Shanling M0 Pro Review

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Sound Quality

The original M0 had a satisfying sound quality, especially from its size. Let’s see how the M0 performs regarding the sound.

First of all, this is technically a strong device for its size. The power output is pretty good for most portable gear and some headphones out there. Additionally, the DAC is upgraded from ESS 9218p to 9219C (double DACs this time), with a fully balanced circuit. As a result, the noise floor is superb for its competition level, and the amplifier stage is surprisingly powerful. 

The M0 Pro is a clean, warm and smooth-sounding DAP with an easy-to-like sound presentation. It has good-quality bass and mids, and a slightly laid-back, easy-going treble. The overall presentation is on the warmer side, which gives the DAP good musicality. It surprisingly performs very well for the money. Shanling house sound is present with the tiniest member of the family, so this is a consistent performance when compared with the whole portfolio.


The Shanling M0 Pro doesn’t have a very deep, rumbling bass. It instead is on the leaner side, sounding moderate with a small presence. It’s not very impactful but it’s there and it’s not hard to track. On the upper parts of the bass, it’s not very thick as well, but the midbass is still good enough to give the DAP a nice body, although not present too much.

Lows don’t go very deep but it’s not bad either. I think more bass quantity and harder hits could make this player sound very busy and congested, and that type of bass could blend into the lower mid-range. So I think Shanling did a nice job to give this DAP a pretty nice bass but not too much to control. Lows are mostly flat, lacking some texture and depth, but the good side is that the control of the bass is pretty good. 

The layering and texture are not like what you would expect from DAPs which cost over 500$, but I don’t have complaints for the price. The overall quantity I think is ideal for this kind of a player, not a fun type of bass, yet realistic. The control on the mid-bass part is very nice and that way the separation from the mids is good. The whole resolution of the bass is lacking compared to the more advanced DAPs, but it wasn’t a surprise to me in the first place.


The M0 Pro has very good mids, particularly for musicality. This is the most impressive side of this player in my opinion. The tonality is very nice and it has a good timbre, recreating very nice notes and the note size is pretty good. The mids overall sound natural and realistic, not very clear but not bloated or muddy either. The mid-range misses some resolution and transparency, as this area sounds a bit dark and veiled.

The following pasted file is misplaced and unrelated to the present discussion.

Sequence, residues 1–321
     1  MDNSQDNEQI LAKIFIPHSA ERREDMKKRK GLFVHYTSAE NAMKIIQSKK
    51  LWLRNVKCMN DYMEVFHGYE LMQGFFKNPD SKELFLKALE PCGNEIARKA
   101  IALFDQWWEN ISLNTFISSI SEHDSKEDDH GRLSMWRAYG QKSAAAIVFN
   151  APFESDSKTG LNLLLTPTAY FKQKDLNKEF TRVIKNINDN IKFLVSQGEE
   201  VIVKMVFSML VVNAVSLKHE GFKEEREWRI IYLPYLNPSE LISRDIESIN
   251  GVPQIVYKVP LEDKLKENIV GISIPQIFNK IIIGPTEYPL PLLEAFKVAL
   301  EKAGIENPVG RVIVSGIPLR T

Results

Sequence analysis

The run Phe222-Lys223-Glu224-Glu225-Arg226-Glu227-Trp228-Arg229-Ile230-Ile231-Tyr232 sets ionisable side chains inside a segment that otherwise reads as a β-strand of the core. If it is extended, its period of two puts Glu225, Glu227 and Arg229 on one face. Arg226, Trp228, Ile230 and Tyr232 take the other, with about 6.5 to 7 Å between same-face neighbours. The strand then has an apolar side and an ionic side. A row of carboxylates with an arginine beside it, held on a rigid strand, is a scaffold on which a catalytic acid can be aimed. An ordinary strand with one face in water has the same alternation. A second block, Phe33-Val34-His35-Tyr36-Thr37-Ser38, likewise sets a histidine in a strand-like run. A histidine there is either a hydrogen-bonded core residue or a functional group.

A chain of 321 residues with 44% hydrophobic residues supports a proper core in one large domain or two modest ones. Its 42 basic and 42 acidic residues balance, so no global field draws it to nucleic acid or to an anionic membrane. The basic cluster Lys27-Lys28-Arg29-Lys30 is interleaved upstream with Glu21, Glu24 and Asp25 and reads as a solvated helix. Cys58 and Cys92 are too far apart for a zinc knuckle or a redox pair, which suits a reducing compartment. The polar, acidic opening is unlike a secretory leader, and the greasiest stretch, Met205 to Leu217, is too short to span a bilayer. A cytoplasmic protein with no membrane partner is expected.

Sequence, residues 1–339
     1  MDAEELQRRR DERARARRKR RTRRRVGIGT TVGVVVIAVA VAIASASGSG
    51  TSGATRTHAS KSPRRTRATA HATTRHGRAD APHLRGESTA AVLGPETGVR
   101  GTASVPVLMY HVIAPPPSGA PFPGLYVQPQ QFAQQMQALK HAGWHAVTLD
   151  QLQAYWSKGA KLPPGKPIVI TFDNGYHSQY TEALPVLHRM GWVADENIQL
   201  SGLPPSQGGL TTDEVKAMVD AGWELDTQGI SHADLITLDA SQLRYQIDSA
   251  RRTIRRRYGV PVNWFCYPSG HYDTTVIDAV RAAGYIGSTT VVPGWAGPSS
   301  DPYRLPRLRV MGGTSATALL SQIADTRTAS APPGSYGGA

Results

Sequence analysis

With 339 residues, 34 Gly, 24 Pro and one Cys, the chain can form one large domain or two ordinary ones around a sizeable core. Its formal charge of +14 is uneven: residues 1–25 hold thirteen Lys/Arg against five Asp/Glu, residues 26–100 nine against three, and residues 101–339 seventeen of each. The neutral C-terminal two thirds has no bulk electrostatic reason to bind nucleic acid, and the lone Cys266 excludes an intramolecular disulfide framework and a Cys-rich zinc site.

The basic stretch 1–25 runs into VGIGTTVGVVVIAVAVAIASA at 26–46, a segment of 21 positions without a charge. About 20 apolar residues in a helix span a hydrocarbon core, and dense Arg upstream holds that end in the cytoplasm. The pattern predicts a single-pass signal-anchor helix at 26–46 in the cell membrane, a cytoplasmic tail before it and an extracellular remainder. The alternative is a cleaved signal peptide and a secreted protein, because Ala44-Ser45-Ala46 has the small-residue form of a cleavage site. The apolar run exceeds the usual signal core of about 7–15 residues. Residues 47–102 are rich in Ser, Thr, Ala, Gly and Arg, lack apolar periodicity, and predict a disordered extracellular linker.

The overall warmth of the M0 Pro is felt quite substantially here, with good note thickness and full approach. So I wouldn’t say it’s neutral in mids, I would say quite warm instead but that’s perfectly fine for me. It can also give you some fine details on instruments. Quantity wise they are not forward or elevated, but they don’t feel recessed to me either. Mids have good positioning and definition, and they have a realistic distance on the stage, which makes this DAP easy to listen to.


I found the highs of the M0 quite smooth and highly forgiving. I think this is not the most neutral treble presentation, but it surely is the most relaxing. The sparkle and fine detail is not on the same level as mid-fi DAPs. However, it’s quite better than the original version in that regard, with noticeably better micro detail performance.  The positive side is that there’s no harshness or peaks, just like the rest of the spectrum. But if you love your highs open, airy and bright, this device won’t give you that.

Of course,  it’s not fair to expect a high-end presentation here, but still, the M0 Pro improved the thing I mentioned in the M0. It has more detail and extension in the treble, which makes this concept even better for its size. This DAP already has good qualities for its very small price, and hearing about the improved response in this region is very nice. The highs sound clean thanks to the good background blackness, and they sound separated from the mids. The articulation though is not great, but again, better than the original M0.

Page 1: Intro, Design, Build
Page 2: Software, Experience, Settings, Battery, Connectivity
Page 4: Technical Performance, Comparison, Conclusion
4/5 - (85 votes)

A keen audiophile and hobby photographer, Berkhan is after absolute perfection. Whether it is a full-frame camera or a custom in-ear, his standpoint persists. He tries to keep his photography enthusiasm at the same level as audio. Sometimes photography wins, sometimes his love for music takes over and he puts that camera aside. Simplistic expressions of sound in his reviews are the way to go for him. He enjoys a fine single malt along with his favourite Jazz recordings.


  • Reply March 29, 2023

    Yannick Khong

    Great review!

    How’s the 3.5mm output if we’re comparing this against similarly priced dongles and the Shanling Q1?

  • Reply April 8, 2023

    Howard Olsen

    Just a short note, your post on the best DAP page says M0 Pro but points to the original M0

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